Lots of other carnosaurs used this tactic, such as the Allosaurs, Carcharodontosaurs, and other theropods with a weak jaw, but Carnotaurus perfected the technique. It even one-upped the competition by doing so with no working arms to grab prey with! The Abelisaurs were unique in that during their evolution, we start to see that their arms and hands basically withered away to little floppy nubs. Carnotaurus’ arms were so stunted that they were basically just the upper arm bones and a hand. No wrists, no elbows. Scientists speculate that they may have had some sort of use, though, such as being held outward from the body to intimidate rivals, or attract a mate.
Also, this was one of the first dinos found to have lots of fossilized skin impressions along with the skeletons found, giving us a better understanding of what dino skin looked like.
2. Spinosaurs (The Mesozoic Freddy Kruegers)
Spinosaurus Aegyptiacus… Irritator Challengeri… Baryonyx Walkeri… Suchomimus Tenerensis… The names evoke fear and dread. Like Freddy the K, they stalk our nightmares with their massive claws and huge teeth in long crocodile-like jaws, striking out to draw blood…
But in reality, they all shared the same trait - an oddity for theropods - they were all mainly ichthyophagous (fish-eaters). Evolution had granted them the means to be successful in a riverine or estuarine environment, possibly going so far as to grant them the ability to be decent swimmers, to boot!
Of all of the members of this family, Spinosaurus is probably the least understood, and only now have reconstructions of this animal shed light on what it actually looked like (we think). Spinosaurus was discovered in the Sahara desert back in 1912, ten years after the discovery of T-Rex, by a German paleontologist named Ernst Strohmer. He brought home from Egypt a series of high-spined vertebrae, some reaching 5 feet in height, and these were put on display in the Bavarian State Collection of Paleontology in Munich, alongside his other discoveries. Flash forward to April 1944, and an allied bombing campaign destroys the building, as well as all of Strohmer’s fossils.
40 years later, Baryonyx was discovered in England, and helped paleontologists understand a little more about what Spinosaurus would have looked like. By then, remains in Egypt had included huge claws and part of a lower jawbone. Putting them side by side, it showed that Baryonyx was most likely the same type of dinosaur, and it would take 2 more discoveries to cement this into fact, rather than theory.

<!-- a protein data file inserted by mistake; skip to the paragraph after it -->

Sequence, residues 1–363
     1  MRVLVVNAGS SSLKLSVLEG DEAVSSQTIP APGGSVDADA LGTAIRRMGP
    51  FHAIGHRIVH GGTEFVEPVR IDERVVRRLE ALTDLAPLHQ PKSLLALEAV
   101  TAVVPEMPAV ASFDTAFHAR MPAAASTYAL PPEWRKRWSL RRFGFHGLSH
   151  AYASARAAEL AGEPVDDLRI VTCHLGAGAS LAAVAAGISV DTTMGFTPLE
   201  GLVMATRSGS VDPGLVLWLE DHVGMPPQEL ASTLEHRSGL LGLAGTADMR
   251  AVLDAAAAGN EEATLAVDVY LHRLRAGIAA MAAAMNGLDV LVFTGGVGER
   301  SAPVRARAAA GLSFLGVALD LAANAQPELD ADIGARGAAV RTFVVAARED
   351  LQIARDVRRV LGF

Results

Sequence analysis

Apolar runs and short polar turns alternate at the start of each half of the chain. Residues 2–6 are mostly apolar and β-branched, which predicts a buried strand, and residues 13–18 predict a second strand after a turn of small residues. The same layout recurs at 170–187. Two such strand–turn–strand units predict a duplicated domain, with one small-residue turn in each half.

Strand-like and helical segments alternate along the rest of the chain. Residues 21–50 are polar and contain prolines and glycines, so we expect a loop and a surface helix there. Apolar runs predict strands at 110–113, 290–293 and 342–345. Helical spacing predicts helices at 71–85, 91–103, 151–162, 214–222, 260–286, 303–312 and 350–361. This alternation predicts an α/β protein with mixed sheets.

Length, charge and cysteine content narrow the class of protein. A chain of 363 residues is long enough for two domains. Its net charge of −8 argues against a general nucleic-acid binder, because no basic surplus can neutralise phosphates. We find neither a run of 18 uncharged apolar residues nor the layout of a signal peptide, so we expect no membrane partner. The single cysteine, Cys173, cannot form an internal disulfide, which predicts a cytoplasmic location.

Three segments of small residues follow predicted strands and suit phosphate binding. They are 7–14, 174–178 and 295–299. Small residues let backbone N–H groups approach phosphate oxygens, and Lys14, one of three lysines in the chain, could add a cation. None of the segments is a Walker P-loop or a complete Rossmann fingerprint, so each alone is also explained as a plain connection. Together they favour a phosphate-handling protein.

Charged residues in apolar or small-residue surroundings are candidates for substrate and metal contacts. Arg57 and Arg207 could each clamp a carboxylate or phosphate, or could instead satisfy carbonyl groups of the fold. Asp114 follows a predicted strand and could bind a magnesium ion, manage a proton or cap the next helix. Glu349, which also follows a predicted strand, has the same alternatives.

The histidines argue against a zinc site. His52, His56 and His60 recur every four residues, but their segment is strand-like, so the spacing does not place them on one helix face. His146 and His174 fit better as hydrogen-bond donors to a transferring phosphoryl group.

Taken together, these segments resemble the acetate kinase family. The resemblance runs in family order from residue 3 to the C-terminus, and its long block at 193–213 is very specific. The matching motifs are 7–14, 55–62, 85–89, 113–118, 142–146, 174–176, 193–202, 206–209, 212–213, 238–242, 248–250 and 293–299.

The claw what snagged me
Irritator was discovered by accident. A British scientist was called up one day by a fossil seller in Brazil, who told him he had some very interesting pterosaur remains for sale. The scientist went to Brazil and made a startling discovery: Not only were the remains altered by the seller with plaster of paris, they weren’t the remains of a ptero at all. They were the remains of a dinosaur very similar to Baryonyx! Named Irritator, after the overall irritating experience of being nearly duped by a greedy fossil seller, it became the 3rd Spinosaur found.
Suchomimus was discovered in 1998 in the country of Niger, in Africa. It had a smaller ridge along its spine, almost like it was trying to grow a sail. Some scientists believe that Suchomimus may actually have been an African sub-species of Baryonyx, and possibly a juvenile. If that proves to be the case, then it may have grown much larger, possibly even rivalling Spinosaurus!
1. Megaraptor Namunhuaiquii
As threats go, this dino was the real-life Indoraptor! It was found in Argentina, and was originally thought to be a massive species of dromaeosaurid. But when more complete remains were unearthed, the huge 1-foot long claws turned out to not be on the second toes, but on the hands!
Reconstructions of this creature show it to be front-heavy, and had a longer torso than most other theropods. It most likely could walk along on all fours, but could also run on its hind legs. The skull also showed that this was a further evolution of the indomitable Allosaur family, which had survived into the Cretaceous, with species ranging from Carcharodontosaurus, Giganotosaurus, Tyrannotitan, and even a species of pygmy Allosaur that lived in the South Polar regions!
It was definitely the stuff of nightmares, and quite possibly the inspiration for one of Jurassic World’s most threatening hybrid creations.
So as you wander the streets tonight, on this night - the scariest night of the year, be on the lookout! These animals may not be around in the flesh any longer, but their ghosts still wander among us. Who knows? One might be right behind you this very moment, just waiting for the perfect moment to strike…
Happy Halloween from the team at the DPGPRC!!